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Dual-purpose breed ensures dairy survival (Nov/Dec 23)

We visited the only pure Normande herd in the country to discover what makes this breed so special and why it has helped one Cumbria-based dairy business thrive in a harsh climate.


TEXT SARAH ALDERTON



What started as an ‘experiment’ in 1992 has proved to be a shrewd move for one Cumbria-based dairy business. The Findlay family imported a handful of Normande embryos from France and now attributes their herd’s survival and success to the breed. They began dabbling in the breed when buyers of their Friesian-cross beef store cattle began demanding proof of parentage following the boom in Holstein breeding. Finding Friesian sires to breed cows to suit their Penrith-based unit’s grazing system was also becoming increasingly difficult.


At that time, the herd was run by fourth-generation producer John Findlay and his uncle Robert Jackson, so they had a decision to make about the herd and farm’s future. John says he saw an article in a magazine about different breeds and their characteristics, and that’s where the idea of using the Normande on their dairy herd came from.


The Normande is dual-purpose, meaning it can be used for milking and beef, and offers a wealth of other positive traits, including: easy calving, calm temperament, strong feet, and good fertility, as well as high milk constituents. It’s the second most popular breed in France, next to the Holstein. But there are very few UK herds using Normande genetics.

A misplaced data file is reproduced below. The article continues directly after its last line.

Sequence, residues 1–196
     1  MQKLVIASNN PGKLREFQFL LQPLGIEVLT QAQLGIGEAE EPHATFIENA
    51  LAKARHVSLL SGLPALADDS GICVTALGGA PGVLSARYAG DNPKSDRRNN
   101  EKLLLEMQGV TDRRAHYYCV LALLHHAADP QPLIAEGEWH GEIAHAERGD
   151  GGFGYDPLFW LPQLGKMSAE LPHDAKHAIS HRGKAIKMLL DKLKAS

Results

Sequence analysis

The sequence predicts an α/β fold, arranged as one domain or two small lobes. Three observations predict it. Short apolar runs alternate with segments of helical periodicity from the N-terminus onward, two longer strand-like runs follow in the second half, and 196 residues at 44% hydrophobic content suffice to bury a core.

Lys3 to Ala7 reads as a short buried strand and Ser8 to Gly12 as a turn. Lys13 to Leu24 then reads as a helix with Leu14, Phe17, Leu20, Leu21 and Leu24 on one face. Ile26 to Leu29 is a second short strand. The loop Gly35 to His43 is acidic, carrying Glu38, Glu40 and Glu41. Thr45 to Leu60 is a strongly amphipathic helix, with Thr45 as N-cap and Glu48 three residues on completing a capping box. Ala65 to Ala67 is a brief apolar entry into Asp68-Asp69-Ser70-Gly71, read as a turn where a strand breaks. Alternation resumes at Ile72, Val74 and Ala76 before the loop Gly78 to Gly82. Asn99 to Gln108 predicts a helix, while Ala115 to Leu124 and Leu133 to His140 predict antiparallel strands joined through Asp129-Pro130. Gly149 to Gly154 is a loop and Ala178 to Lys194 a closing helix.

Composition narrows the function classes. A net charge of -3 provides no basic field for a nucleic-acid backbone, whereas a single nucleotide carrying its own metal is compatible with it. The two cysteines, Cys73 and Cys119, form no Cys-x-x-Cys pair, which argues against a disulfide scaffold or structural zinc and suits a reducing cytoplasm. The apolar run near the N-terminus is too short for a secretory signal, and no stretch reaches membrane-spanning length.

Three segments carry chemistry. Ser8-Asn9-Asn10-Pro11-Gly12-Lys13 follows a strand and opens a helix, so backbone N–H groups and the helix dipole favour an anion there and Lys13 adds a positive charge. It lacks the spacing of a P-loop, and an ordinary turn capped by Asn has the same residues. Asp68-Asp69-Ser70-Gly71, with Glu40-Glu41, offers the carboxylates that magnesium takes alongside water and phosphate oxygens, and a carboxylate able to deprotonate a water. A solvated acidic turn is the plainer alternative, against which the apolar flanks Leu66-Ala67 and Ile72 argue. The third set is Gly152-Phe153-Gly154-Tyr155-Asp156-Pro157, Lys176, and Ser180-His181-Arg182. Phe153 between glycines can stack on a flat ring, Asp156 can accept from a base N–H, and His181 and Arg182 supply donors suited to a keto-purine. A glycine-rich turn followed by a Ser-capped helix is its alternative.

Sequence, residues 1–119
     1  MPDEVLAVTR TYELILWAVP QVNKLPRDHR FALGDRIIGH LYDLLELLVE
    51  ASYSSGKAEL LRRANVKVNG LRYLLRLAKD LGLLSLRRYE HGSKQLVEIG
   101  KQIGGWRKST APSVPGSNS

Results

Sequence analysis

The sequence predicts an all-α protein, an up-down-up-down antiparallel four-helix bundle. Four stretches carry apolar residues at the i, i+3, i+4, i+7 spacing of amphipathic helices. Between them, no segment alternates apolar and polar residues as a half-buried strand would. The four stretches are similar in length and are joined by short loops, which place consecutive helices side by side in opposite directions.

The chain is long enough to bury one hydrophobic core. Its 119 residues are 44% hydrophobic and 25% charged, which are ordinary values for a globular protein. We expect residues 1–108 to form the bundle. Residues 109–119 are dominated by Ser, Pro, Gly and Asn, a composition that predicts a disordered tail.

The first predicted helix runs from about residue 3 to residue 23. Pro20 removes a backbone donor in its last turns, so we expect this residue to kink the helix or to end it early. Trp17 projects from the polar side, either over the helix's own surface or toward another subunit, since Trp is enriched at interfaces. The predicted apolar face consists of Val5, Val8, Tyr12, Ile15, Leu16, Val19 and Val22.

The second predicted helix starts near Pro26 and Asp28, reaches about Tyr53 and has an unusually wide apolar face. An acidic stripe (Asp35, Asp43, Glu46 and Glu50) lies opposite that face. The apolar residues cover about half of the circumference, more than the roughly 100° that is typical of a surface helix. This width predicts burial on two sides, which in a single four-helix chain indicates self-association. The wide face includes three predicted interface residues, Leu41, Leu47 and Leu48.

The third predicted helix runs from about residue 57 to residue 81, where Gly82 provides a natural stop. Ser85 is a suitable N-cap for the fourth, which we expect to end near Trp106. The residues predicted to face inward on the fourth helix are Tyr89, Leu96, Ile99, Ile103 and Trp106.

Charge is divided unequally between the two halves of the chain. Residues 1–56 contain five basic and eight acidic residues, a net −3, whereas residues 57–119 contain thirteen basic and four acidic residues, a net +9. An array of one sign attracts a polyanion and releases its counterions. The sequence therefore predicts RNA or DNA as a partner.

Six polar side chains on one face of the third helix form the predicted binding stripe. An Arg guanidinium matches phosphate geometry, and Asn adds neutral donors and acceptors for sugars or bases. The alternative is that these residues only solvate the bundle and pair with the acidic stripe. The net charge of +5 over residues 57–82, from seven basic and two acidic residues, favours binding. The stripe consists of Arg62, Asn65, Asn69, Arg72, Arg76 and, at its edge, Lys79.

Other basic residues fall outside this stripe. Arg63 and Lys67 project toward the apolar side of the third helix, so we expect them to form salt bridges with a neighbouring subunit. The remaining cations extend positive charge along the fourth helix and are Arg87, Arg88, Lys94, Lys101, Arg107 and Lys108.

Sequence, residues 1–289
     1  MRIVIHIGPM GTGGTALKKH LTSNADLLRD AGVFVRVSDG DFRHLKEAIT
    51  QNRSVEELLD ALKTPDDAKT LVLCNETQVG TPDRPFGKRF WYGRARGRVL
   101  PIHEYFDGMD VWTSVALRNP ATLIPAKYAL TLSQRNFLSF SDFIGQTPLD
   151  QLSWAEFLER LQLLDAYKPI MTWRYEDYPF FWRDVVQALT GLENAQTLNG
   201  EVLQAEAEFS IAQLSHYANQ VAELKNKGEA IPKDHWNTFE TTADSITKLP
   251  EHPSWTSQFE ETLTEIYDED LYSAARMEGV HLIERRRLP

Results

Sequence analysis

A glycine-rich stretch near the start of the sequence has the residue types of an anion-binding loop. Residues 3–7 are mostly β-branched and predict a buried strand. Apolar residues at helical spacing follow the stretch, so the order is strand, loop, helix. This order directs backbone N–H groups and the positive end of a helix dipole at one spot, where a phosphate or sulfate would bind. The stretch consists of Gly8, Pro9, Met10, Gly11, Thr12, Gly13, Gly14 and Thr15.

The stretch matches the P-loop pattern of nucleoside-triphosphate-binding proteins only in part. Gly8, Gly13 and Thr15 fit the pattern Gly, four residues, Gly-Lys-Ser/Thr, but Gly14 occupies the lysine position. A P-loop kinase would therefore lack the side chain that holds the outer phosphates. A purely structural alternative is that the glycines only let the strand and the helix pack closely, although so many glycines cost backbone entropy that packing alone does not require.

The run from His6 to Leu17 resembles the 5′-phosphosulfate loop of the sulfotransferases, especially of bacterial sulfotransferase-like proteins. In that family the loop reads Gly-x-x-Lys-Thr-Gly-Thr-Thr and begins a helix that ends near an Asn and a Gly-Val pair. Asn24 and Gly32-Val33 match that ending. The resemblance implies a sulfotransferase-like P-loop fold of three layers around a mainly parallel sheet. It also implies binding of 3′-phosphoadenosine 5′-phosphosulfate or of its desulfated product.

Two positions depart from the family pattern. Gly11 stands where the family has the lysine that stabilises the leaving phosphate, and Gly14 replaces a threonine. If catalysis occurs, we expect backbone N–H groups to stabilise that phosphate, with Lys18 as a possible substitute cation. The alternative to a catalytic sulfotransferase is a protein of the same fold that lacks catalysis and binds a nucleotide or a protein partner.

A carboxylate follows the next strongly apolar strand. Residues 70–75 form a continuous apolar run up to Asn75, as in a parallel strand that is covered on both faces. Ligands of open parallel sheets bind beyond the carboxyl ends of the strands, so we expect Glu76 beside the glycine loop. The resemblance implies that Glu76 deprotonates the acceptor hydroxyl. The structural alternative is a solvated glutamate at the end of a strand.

The Findlay’s Moorside herd of pedigree Normande cows comprises 130 head, plus 85 followers, and is run on a grass-based system and managed by John’s son, Mac Findlay. The unit also supports 90 head of beef cattle. Mac says that using this breed is the reason they are still able to milk cows. “We can milk Normandes and produce good beef cattle, which generate 40% of our business’ revenue.”


He adds that Normande are low-input cows with a medium-to-high output, which graze ‘aggressively’.


“This means that they milk well and can also produce a good bull calf. The breed also has a good temperament and cows ‘think for themselves’, which has been vital since we installed two Lely robots and a Grazeway system in December 2020.”


Herd average yield is 7,000 litres, at 4.6% butterfat and 3.6% protein, with close to 50% (2,800 litres) produced from forage. Just a small amount of concentrate is fed to yield to tempt cows into the robots.


Next generation: heifer growth is monitored using weigh bands


Milk quality


During the first 61 days of lactation, cows are on a fixed feeding programme starting at 4kg a day and increasing to 11kg on day 60. Cows are then fed to yield using Lely Horizon, with the highest yielders – those producing more than 29 litres a day – fed 11kg a day. Feed rate is gradually reduced 14 days before drying off.